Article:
What you need to know about the Summer 2017 Equifax data breach

Updated 7/31/19 to include Equifax Data Breach Settlement information:

In July 2019 Equifax agreed to a settlement with the Federal Trade Commission, the Consumer Financial Protection Bureau, and 50 U.S. states and territories. The settlement includes up to $425 million to help people affected by the data breach. For more information including a lookup tool to see if your data was affected by the data breach, see the following official FTC website: ftc.gov/Equifax

Beware of scammers who’ve put up fake websites meant to look like the official website. Also you may receive unsolicited email or phone calls from scammers who may try to charge you to file a claim, or ask you for private information such as your social security number.

Originally posted 9/11/17. Updated 9/13/17 to include information from Consumer Reports:

Equifax, one of the large credit reporting agencies in the U.S. recently announced a data breach that may affect 143 million Americans. In case you’re not familiar with the population of the United States, that number is equal to just about every adult who’s ever applied for credit. Initial reports indicate that exposed data may include names, Social Security numbers, birth dates, addresses and, in some instances, driver’s license numbers. Note that Equifax DOES NOT have access to passwords to your financial accounts.

The Federal Trade Commission posted a helpful article with suggestions on what you can do to help protect your financial data now that the data breach has come to light. However, contrary to their advice that includes entering your personal information to check to see if you’ve been affected by the breach and sign up for free credit monitoring through TrustedID Premier, a 3-bureau credit monitoring service (Equifax, Experian and Trans Union) which also is operated by Equifax (yes, the same company that exposed your data in the first place) – security researcher Brian Krebs recommends placing a credit freeze on your file, and further explains how to do it in this article.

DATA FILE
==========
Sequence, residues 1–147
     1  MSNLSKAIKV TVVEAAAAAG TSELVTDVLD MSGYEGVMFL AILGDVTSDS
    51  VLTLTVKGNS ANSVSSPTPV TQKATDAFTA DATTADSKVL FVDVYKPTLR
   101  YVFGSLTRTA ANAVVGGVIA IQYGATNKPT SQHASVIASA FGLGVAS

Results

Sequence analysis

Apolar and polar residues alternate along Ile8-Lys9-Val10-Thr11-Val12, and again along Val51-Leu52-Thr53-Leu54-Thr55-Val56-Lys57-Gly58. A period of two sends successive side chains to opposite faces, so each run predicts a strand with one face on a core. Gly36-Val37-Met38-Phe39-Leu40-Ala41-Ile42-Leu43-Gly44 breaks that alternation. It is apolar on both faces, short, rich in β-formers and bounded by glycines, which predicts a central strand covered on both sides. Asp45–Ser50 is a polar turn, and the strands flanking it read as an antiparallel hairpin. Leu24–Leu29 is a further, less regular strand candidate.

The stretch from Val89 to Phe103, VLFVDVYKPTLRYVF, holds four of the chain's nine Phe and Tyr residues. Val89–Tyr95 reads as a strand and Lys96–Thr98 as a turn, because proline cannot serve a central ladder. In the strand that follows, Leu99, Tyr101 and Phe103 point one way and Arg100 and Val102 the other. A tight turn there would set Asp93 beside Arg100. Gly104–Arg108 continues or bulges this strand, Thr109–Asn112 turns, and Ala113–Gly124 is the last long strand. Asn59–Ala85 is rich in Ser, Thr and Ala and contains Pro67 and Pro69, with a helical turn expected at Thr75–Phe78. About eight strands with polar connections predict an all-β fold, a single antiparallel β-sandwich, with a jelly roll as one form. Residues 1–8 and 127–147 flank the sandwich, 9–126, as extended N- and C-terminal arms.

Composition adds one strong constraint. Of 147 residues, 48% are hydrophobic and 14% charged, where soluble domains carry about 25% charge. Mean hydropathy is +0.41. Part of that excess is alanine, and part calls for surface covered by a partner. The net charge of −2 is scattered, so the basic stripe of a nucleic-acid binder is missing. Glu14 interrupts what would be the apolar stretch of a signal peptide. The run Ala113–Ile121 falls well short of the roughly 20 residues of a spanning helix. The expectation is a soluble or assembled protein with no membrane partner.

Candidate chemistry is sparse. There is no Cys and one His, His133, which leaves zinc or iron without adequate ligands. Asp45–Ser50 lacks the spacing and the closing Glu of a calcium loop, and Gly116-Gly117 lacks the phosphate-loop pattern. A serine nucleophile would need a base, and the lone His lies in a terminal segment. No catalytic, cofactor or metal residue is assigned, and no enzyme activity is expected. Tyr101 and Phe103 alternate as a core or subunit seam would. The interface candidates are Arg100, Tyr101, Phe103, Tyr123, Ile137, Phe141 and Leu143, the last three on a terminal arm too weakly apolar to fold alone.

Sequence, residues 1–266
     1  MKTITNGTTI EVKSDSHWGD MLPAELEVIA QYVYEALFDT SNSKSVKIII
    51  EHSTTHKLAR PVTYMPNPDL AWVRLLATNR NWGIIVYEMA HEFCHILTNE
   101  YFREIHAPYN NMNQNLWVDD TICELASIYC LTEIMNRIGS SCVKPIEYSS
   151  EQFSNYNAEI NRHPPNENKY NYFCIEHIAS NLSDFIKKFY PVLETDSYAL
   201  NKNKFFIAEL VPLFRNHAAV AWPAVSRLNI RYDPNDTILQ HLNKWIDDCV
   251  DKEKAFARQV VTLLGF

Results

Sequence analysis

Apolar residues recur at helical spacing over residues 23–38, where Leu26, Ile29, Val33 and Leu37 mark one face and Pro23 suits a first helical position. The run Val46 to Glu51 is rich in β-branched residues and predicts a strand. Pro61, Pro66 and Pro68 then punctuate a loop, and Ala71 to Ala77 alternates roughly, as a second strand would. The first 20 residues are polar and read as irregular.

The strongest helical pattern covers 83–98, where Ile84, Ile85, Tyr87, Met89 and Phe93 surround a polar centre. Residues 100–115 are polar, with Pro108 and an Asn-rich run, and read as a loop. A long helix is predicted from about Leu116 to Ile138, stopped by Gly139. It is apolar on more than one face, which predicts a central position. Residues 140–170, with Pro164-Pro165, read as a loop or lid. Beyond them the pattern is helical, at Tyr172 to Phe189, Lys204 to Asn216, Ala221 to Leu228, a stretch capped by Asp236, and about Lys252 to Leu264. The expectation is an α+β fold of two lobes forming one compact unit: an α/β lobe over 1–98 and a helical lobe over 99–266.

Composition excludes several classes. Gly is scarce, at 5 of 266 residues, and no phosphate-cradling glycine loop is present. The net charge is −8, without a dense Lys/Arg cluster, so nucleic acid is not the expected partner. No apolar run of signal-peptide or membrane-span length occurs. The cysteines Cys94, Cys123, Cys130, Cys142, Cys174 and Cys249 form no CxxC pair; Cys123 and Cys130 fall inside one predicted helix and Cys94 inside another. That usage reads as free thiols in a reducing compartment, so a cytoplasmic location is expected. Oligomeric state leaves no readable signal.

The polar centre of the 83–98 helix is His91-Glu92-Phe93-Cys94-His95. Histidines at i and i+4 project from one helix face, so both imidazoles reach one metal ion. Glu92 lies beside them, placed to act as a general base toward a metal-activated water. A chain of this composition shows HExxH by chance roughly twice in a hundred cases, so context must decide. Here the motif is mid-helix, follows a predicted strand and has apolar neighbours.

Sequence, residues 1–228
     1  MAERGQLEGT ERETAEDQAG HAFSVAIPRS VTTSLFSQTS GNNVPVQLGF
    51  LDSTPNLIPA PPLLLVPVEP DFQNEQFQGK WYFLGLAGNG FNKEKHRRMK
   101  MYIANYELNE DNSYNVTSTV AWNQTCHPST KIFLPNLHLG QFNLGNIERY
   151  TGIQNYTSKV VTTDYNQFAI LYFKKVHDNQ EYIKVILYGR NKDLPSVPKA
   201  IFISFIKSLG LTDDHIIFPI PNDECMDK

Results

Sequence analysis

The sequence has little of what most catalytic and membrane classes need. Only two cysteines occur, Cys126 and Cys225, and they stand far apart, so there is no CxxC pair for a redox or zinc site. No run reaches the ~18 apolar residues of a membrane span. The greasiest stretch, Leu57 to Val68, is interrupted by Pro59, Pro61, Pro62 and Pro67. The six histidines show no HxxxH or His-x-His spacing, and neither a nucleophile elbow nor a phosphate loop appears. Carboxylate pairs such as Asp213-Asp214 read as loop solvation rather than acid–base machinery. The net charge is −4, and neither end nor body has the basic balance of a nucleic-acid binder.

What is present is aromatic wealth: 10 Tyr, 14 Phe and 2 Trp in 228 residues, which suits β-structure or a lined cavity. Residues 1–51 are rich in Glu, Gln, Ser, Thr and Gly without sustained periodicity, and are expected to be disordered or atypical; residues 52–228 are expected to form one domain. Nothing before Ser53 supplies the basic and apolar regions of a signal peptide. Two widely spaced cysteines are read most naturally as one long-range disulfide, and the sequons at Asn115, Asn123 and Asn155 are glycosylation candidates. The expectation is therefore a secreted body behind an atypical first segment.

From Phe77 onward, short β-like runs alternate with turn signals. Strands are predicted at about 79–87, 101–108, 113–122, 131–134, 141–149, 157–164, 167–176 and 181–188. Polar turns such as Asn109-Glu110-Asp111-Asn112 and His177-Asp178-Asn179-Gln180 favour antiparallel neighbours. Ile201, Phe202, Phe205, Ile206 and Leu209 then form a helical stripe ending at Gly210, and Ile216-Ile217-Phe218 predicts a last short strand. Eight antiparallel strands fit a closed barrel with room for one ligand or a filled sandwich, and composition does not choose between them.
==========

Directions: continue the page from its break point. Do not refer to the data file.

Additional information from the FTC includes:

  • Check your credit reports from Equifax, Experian, and TransUnion — for free — by visiting annualcreditreport.com. Accounts or activity that you don’t recognize could indicate identity theft. Visit IdentityTheft.gov to find out what to do.
  • Monitor your existing credit card and bank accounts closely for charges you don’t recognize.
  • Consider placing a credit freeze on your files. A credit freeze makes it harder for someone to open a new account in your name. Keep in mind that a credit freeze won’t prevent a thief from making charges to your existing accounts.
  • If you decide against a credit freeze, consider placing a fraud alert on your files. A fraud alert warns creditors that you may be an identity theft victim and that they should verify that anyone seeking credit in your name really is you.
  • File your taxes early — as soon as you have the tax information you need, before a scammer can. Tax identity theft happens when someone uses your Social Security number to get a tax refund or a job. Respond right away to letters from the IRS.

Consumer Reports has updated information on How to Lock Down Your Money After the Equifax Breach.